Supposedly the creation of park owner, George C. Tilyou, these faces are sometimes called “Tillies.”
While Steeplechase’s attractions were slightly more low class and vulgar than the competition, the public was quite anxious to patronize Tilyou’s park. Perhaps his huge celebrated Steeplechase Funny Face grinning frightfully with its forty-four teeth (12 more than normal) exemplified the mood of the park’s attractions. It was grotesque, a diabolical jester that hinted at a promise of irresponsible hilarity visitors hoped to experience within. And they could experience it all by purchasing a combination ticket; 25 attractions for 25 cents.
Coney Island — First Steeplechase, by Jeffrey Stanto
“I have heard it was copied from the sign in a dentist's office, and has 44 teeth”
George C. Tilyou’s “Original Tille” (circa 1890): Often referred to as sinister or creepy, this icon nevertheless oversaw the, um, clean, wholesome fun had by thousands of Coney Island visitors from the 1890’s onward. Amusement park patrons who grew up with him admit that Original Tillie scared them, yet they miss him.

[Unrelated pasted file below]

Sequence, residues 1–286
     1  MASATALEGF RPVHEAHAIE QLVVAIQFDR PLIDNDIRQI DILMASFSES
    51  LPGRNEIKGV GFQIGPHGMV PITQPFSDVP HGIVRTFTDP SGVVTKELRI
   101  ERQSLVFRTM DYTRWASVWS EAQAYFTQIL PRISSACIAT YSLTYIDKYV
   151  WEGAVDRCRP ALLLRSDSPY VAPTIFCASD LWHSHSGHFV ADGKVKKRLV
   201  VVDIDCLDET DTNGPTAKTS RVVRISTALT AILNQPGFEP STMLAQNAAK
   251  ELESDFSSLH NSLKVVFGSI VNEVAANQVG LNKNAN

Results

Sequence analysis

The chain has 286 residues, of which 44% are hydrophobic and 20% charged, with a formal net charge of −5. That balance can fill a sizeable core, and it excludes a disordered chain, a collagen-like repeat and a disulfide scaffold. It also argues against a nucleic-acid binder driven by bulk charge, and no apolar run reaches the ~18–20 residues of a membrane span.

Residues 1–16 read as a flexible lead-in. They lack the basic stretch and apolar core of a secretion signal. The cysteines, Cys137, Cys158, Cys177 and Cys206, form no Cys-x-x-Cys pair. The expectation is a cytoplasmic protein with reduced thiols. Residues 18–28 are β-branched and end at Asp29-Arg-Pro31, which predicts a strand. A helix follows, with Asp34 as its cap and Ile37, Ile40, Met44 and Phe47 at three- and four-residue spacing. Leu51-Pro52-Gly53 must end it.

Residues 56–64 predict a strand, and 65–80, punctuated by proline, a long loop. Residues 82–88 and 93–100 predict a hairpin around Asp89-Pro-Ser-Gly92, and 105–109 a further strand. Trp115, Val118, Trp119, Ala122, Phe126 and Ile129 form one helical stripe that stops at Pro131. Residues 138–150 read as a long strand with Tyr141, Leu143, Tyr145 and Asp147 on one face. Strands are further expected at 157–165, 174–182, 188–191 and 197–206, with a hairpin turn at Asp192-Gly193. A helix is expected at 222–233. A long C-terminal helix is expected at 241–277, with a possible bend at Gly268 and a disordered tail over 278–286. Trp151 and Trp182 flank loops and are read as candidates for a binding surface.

A Tale of Two Tillies, Mister Snitch!
What is it about an extra-wide row of evenly spaced teeth that’s so scary? What is it about an unnaturally broad smile seems to signal something false?
As with Lewis Carroll’s Cheshire Cat, this creepy Victorian-era smile singles itself out for consideration. You have to wonder: “Does this forced levity mask cruel intentions?”
Two other characters frequently cited in comparison to Steeplechase Jack are: The Joker and The Man Who Laughs. In both cases, their smiles were unnatural facial expressions inflicted on them during childhood. The joker’s smile was the result of a knife attack, extending the corners of his mouth. Gwynplaine’s smile in “The Man Who Laughes” was due to the disfiguring surgery of the king’s surgeon, refashioning his young face into a permanent smile so that he would “laugh forever at his fool of a father.” Such deliberate mouth modification even has a name: the Glasgow Grin!
(Steeplechase Jack & package design, after the fold…)
Photo: Creative Loafing
Beach Packaging Design